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Kremlin regrets Kiev’s hysteria on the rise over Savchenko’s case - spokesman

March 26, 20:03 UTC+3 MOSCOW
"I would specify it as excesses of the general anti-Russian hysteria that is taking place," Peskov said
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© EPA/SERGEY DOLZHENKO

MOSCOW, March 26. /TASS/. The Kremlin deeply regrets that hysteria is on the rise around the case of former Ukrainian pilot Nadezhda Savchenko sentenced to a long term in prison in Russia, Kremlin spokesman Dmitry Peskov told the Right to Know program on the TVTs channel, which broadcast a part of the interview on Saturday.

Kiev is in a state of "exaltation close to hysteria" and the Western public opinion is being widely imposed, he has said.

"I would specify it as excesses of the general anti-Russian hysteria that is taking place," Peskov said. "What is more, this manifestation does not facilitate the solution of this problem by any means but makes it more complicated."

The Kremlin regrets that such hysteria exists, according to Peskov.

"This makes the solution of the problem a much more difficult process as the cases like this one are better solved in silence," he said.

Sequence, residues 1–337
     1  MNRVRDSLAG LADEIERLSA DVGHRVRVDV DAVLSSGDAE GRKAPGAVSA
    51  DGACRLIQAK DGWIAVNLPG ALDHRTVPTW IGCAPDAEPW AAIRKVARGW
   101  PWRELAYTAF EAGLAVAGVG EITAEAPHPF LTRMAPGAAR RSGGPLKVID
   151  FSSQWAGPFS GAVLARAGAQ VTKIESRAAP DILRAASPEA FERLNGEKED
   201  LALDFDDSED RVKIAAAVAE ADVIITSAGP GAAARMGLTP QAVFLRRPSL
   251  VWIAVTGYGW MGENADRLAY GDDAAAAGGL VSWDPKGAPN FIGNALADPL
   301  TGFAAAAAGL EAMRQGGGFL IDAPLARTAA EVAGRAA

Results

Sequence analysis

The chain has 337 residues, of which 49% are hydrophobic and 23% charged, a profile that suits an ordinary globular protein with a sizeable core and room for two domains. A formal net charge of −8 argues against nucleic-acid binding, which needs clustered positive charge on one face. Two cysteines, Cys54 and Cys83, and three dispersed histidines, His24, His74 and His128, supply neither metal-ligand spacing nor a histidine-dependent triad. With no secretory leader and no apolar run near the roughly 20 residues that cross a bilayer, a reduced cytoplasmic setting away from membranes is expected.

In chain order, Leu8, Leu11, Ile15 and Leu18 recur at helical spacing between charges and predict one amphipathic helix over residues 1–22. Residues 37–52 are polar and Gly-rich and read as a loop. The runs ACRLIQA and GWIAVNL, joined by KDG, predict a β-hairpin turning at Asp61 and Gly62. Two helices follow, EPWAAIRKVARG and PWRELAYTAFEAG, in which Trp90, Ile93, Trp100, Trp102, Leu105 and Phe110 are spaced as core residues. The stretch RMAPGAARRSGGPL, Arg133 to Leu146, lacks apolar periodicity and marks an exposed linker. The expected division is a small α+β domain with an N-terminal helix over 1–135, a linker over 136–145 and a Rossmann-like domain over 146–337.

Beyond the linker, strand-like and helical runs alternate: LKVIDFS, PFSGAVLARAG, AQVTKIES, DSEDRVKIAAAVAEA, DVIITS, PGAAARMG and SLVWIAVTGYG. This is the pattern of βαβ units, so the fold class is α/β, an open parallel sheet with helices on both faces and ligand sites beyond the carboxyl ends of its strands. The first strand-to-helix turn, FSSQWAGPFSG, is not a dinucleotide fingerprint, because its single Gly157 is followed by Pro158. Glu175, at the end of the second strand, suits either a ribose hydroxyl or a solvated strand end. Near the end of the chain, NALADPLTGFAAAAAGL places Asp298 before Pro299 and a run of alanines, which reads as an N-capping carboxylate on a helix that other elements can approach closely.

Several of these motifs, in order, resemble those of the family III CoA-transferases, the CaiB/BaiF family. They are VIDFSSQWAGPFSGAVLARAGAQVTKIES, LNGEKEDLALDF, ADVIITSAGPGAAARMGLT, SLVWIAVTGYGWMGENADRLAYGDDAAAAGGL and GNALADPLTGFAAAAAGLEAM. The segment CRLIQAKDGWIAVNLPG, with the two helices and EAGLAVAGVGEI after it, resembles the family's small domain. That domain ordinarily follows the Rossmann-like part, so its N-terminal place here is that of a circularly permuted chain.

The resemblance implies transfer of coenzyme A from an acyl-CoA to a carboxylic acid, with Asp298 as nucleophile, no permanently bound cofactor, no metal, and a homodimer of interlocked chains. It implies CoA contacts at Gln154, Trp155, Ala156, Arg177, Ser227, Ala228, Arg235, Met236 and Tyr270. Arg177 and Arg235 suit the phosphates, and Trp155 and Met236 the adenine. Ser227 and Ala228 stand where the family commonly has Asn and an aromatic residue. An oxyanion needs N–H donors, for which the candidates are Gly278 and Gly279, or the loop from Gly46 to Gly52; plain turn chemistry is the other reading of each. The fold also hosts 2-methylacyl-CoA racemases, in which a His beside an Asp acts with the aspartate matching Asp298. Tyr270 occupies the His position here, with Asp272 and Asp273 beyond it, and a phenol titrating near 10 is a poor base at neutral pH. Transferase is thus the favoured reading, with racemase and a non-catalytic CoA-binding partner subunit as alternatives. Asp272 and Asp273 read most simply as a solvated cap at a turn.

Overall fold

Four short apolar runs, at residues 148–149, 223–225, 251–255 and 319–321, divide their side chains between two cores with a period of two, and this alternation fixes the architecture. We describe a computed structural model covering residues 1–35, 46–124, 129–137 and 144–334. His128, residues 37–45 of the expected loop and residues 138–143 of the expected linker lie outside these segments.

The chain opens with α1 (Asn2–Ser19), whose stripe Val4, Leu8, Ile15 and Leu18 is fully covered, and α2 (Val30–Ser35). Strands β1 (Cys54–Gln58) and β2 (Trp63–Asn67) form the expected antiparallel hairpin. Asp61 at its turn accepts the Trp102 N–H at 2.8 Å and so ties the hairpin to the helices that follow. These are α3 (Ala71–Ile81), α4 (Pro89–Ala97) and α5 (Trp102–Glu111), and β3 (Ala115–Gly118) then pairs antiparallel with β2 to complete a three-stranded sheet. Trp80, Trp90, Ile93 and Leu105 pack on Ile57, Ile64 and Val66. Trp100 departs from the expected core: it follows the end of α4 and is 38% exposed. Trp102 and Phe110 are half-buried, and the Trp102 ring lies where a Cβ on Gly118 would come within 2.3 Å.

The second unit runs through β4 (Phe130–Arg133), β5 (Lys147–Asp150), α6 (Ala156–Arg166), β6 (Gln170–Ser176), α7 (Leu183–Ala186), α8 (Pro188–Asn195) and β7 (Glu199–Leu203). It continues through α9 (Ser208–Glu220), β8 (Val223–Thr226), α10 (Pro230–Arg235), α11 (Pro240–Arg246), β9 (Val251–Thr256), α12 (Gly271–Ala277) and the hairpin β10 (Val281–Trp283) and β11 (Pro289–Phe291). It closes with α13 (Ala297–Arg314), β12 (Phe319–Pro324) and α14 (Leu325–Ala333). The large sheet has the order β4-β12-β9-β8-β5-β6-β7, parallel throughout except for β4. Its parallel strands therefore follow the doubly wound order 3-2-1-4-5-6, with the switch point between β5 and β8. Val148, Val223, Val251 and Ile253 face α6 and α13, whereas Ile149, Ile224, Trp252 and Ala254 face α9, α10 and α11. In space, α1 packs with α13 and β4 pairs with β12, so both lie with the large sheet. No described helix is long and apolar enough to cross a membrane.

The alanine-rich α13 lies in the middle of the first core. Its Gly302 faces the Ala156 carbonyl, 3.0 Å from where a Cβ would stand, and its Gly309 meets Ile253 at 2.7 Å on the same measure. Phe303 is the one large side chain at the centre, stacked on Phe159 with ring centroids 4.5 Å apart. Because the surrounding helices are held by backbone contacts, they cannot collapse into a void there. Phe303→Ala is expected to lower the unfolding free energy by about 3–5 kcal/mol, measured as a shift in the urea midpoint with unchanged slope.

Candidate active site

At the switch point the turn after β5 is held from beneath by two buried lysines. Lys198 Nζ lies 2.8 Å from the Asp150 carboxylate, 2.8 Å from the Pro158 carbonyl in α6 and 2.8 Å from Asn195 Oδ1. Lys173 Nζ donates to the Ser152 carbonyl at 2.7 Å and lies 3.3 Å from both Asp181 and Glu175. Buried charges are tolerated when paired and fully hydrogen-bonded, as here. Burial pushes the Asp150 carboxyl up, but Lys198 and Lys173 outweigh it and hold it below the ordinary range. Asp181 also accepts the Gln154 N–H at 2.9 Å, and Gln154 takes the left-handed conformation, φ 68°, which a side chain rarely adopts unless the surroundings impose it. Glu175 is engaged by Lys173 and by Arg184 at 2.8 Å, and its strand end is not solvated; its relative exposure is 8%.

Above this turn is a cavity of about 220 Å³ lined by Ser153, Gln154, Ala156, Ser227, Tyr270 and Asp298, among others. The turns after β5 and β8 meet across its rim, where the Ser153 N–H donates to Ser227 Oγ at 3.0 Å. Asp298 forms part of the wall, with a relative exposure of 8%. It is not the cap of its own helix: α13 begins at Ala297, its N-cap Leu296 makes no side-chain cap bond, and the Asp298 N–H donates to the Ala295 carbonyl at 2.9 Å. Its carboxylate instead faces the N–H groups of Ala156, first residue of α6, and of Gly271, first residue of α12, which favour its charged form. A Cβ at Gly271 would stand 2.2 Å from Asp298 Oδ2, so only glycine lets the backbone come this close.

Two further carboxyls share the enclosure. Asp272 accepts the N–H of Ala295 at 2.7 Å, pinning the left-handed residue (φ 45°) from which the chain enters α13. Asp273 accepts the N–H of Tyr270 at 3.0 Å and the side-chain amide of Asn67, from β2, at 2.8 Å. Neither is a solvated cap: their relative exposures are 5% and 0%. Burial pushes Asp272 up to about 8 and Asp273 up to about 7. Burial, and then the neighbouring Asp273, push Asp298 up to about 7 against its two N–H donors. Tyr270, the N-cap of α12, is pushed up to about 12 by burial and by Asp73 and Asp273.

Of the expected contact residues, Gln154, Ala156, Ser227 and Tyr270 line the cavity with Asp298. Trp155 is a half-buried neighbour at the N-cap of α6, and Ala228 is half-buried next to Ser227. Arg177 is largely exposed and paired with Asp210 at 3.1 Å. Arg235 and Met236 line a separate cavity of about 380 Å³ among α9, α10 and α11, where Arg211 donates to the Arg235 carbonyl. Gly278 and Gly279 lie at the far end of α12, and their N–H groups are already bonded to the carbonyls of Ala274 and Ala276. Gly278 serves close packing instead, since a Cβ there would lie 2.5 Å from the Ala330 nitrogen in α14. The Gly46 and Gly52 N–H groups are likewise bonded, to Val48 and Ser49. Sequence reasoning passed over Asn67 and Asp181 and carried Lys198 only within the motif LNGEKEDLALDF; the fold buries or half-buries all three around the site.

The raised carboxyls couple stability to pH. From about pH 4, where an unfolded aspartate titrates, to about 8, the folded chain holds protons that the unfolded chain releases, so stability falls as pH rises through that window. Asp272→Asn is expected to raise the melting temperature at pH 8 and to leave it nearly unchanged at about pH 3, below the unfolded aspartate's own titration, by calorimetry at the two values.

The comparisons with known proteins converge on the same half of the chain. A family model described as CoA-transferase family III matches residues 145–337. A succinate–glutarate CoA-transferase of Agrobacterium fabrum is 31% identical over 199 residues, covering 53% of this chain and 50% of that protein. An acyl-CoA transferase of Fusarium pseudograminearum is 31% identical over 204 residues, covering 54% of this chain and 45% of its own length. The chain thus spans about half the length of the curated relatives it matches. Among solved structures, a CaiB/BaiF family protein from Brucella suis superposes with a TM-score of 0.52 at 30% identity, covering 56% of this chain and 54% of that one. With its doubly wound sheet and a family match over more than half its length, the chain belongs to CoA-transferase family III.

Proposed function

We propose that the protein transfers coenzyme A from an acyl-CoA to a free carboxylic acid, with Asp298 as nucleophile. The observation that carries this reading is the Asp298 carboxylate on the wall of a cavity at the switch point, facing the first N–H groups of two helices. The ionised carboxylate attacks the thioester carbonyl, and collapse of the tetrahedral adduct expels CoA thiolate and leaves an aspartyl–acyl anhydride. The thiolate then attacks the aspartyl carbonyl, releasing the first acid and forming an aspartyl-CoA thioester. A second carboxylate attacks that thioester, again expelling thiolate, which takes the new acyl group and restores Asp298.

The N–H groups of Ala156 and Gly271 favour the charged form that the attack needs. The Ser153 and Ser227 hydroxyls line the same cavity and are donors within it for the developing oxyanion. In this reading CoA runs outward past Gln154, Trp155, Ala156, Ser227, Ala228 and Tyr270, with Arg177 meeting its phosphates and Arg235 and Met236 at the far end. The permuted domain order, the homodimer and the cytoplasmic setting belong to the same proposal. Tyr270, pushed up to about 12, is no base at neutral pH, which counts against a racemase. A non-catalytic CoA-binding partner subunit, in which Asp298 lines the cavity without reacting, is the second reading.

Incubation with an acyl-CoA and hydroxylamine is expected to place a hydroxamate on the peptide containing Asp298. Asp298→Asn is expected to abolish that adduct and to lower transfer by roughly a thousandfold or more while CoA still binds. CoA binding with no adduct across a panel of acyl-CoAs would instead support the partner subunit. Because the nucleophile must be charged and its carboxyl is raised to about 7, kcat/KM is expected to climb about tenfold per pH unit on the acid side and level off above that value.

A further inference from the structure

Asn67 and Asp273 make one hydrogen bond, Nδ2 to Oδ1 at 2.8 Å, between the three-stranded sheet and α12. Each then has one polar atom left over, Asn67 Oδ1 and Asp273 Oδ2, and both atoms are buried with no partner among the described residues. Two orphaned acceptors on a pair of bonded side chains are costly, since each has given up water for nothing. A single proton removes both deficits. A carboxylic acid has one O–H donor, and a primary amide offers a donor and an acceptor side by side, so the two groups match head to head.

Russian President Vladimir Putin had not made any decisions with regard to Savchenko’s case, his spokesman said.

"As for Savchenko, the situation is quite simple and clear for us," he said. "Savchenko has been sentenced and then everything is done in compliance with laws of the Russian Federation. She will serve a sentence. Different decisions could be made only by the head of state. There have been no such decisions yet."

"Savchenko’s theme" did not top the agenda but was highlighted during the visits to Moscow by German Foreign Minister Frank-Walter Steinmeier and U.S. Secretary of State John Kerry, Peskov said adding that Kerry had come "not to wield pressure on Putin over Savchenko."

The Kremlin spokesman said that Savchenko’s theme was hardly possible to be the focus of such talks although both Steinmeier and Kerry mentioned it.

On Tuesday, the Donetsk City Court in southern Russia’s Rostov Region found former Ukrainian pilot Nadezhda Savchenko guilty of complicity in the murder of Russian journalists Igor Kornelyuk and Anton Voloshin and of illegal border crossing and sentenced her to 22 years in jail and a fine of 30,000 rubles ($440). Savchenko earlier said she would neither recognize nor appeal the sentence.

Later on the same day, Ukrainian President Petro Poroshenko said he was ready to exchange Russians Yevgeny Yerofeyev and Aleksandr Aleksandrov, who had been detained in Ukraine, for Savchenko.

On Friday, Kremlin Chief of Staff Sergei Ivanov said that the swap of Ukrainian ex-pilot Nadezhda Savchenko for Russian nationals on trial in Ukraine is theoretically possible but only upon decision by Russia’s president.

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